The 95 foot long Quetzal Cordwood Classroom is located in the rain forest near Coban, Guatemala. Built by the Community Cloud Forest Conservation it is a long curved structure that resembles the tail feathers of the Quetzal (the national bird).
These buildings house classrooms, kitchens and dormitories that serve the middle school girls from the area. The girls are able to continue their education and learn skills that are income producing. Many volunteers and organizations have helped in the support and construction of this wonderful community. Rob & Tara Cahill are the Directors.The shingles are recycled tires and are donated by a Canadian shingle company. They are guaranteed to last for 100 years. A comforting thought in the rain forest!The Quetzal’s have high stone foundations to funnel the ever-present rainwater away from the buildings.
The cafeteria is bright and colorful.
The community grows traditional fruits and vegetables (local squash is pictured above) and has an industrial kitchen to make jams, jellies and salsas to sell on the world market.The beautiful windows are handmade by local artisans.Students learn valuable skills that help them with high school and employability.
The Quetzal is the national bird of Guatemala. The tail feathers of the Quetzal are the inspiration for the buildings. Elvira, a graduate of the Cloud Forest Conservatory, is teaching plant identification and their uses to a group of visiting students. There is also an ornithology program run by Cornell University. Many unique species of birds and plants are to be found in the adjacent rain forest.
The architect of the curved window and his drawing. Young students were taught masonry skills to erect the buildings. The front porch is a valuable and beautiful teaching space. Cleaning logs for the cordwood infill.
Laying the logs in mortar with an insulation cavity filled with sawdust.
(Below) River stones were used for the shower rooms and the entrance ways.
The building is framed with local, non-native, invasive eucalyptus and the cordwood infill is local pine.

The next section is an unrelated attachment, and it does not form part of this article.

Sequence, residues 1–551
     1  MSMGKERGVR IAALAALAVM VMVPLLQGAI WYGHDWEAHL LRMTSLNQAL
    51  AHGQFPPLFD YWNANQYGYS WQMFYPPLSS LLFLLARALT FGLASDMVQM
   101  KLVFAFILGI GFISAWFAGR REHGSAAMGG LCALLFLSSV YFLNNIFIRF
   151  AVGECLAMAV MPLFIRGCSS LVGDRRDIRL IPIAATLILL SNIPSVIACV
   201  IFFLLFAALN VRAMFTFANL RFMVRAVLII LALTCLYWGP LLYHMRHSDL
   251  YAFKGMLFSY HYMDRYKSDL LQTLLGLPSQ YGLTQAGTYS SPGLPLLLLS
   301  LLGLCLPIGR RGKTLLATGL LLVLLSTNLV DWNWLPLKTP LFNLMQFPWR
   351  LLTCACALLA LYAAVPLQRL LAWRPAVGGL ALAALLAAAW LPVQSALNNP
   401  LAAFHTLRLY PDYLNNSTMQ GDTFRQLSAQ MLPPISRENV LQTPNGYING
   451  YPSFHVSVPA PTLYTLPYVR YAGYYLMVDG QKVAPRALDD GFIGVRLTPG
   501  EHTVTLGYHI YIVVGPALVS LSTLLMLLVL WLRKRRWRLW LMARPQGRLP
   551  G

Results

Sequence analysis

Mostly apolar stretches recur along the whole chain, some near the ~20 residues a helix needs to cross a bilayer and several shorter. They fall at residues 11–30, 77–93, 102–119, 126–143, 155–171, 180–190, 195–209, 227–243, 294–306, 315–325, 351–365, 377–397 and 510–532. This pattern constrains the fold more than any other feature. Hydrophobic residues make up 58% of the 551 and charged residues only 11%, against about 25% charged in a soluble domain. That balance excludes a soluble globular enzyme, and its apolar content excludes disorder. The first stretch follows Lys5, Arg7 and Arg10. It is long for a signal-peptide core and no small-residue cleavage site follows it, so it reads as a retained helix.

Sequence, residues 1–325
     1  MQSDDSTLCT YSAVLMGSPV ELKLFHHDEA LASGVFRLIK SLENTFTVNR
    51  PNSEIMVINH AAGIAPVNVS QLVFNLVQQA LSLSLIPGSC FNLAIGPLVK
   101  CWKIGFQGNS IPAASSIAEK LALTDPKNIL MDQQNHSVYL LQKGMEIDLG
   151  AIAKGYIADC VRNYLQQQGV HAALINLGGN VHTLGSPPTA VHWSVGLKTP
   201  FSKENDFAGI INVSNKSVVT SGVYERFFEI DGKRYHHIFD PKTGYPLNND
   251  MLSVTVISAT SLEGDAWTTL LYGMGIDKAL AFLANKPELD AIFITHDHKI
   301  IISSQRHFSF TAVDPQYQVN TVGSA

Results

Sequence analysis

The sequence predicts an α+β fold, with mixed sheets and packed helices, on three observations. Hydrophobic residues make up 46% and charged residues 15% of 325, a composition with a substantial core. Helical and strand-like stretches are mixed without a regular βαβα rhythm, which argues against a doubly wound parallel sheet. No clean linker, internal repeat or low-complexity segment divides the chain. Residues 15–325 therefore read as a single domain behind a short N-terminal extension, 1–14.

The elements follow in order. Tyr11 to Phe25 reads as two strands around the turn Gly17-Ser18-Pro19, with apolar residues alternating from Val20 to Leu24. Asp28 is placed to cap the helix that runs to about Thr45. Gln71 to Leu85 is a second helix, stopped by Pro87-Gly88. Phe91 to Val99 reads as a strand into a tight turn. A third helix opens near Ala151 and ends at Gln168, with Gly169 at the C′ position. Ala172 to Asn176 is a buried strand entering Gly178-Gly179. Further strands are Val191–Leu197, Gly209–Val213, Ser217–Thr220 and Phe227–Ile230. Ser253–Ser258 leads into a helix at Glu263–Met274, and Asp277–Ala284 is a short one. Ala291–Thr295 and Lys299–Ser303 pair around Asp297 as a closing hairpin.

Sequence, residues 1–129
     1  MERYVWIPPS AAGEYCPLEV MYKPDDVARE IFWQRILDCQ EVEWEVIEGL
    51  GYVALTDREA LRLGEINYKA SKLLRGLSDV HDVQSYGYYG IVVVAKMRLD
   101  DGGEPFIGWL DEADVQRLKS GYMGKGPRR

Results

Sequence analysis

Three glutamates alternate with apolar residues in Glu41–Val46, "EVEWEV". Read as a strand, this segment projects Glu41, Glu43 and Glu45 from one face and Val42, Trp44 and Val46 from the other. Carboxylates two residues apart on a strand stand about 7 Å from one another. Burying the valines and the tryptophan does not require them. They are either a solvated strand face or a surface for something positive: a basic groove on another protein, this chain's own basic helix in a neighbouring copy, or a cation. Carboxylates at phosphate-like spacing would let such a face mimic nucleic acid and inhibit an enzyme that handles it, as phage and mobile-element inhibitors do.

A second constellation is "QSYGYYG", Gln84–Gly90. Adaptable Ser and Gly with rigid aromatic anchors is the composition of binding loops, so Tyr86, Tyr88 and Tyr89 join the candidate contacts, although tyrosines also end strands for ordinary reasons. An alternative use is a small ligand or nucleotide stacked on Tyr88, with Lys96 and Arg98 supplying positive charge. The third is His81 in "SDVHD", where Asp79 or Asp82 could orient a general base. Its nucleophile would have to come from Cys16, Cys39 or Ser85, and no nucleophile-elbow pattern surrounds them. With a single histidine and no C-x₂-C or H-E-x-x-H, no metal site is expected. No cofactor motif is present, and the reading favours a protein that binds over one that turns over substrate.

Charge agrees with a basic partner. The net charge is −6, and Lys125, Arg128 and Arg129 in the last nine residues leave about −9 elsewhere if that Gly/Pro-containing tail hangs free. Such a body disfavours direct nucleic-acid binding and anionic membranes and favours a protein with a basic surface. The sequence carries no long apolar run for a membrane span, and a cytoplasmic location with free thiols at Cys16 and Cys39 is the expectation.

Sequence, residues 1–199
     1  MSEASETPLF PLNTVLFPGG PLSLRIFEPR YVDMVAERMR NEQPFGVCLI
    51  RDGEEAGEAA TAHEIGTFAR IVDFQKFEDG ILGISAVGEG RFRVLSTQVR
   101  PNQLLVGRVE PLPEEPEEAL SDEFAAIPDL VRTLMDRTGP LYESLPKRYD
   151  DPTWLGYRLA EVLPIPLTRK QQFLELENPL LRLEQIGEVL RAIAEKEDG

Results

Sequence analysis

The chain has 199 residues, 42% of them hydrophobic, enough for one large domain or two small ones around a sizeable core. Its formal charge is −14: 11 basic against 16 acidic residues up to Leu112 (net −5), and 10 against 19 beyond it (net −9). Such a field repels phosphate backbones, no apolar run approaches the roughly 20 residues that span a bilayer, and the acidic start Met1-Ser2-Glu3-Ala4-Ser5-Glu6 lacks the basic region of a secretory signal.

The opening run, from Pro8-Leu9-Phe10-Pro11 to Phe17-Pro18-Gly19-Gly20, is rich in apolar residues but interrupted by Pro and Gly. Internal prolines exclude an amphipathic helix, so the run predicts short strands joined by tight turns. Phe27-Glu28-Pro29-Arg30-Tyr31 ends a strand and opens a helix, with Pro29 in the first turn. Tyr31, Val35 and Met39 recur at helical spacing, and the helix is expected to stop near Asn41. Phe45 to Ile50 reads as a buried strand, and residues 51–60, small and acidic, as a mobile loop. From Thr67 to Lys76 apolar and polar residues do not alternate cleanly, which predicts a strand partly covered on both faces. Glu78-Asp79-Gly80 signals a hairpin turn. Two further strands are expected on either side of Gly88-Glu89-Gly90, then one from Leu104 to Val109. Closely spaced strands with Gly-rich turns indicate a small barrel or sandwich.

The local population provided the labor and were paid a fair wage for their work.
Should you wish to contribute, visit, work or learn more about the Community Cloud Forest Conservation please contact Rob & Tara Cahill. email@example.com www.cloudforestconservation.org http://cloudforestconservation.org/our-work/walc/
The Cordwood Conference Papers 2015 has a wonderful article about the Quetzal Cordwood Classroom.
Should you wish to learn how to build a cordwood cottage, cabin or home, please visit www.cordwoodconstruction.org While you are there, click on the pictures, read the brief articles, check out the latest workshops and newsletter and if you are interested click on the Online Bookstore to see all the cordwood literature available in print and ebook format.If you have questions that aren’t answered on the website you can email me at firstname.lastname@example.org
Readers have requested a brief bio, so here goes: Richard & Becky Flatau built their mortgage-free cordwood home in 1979 in Merrill, Wisconsin. Since then, they have written books, conducted workshops, facilitated the 2005, 2011 and 2015 Cordwood Conferences and provided instruction for thousands of cordwood builders. Cordwood Workshop Video (2017), Cordwood Construction Best Practices (2017) and Cordwood Conference Papers 2015 are the newest publications available from their online cordwood bookstore. www.cordwoodconstruction.org
Here is a picture of the Cordwood Workshop DVD cover, featuring the best practices Cordwood Education Center.
For more information on Cordwood Construction, click on the picture or visit www.cordwoodconstruction.org Below is the 30 item DVD menu.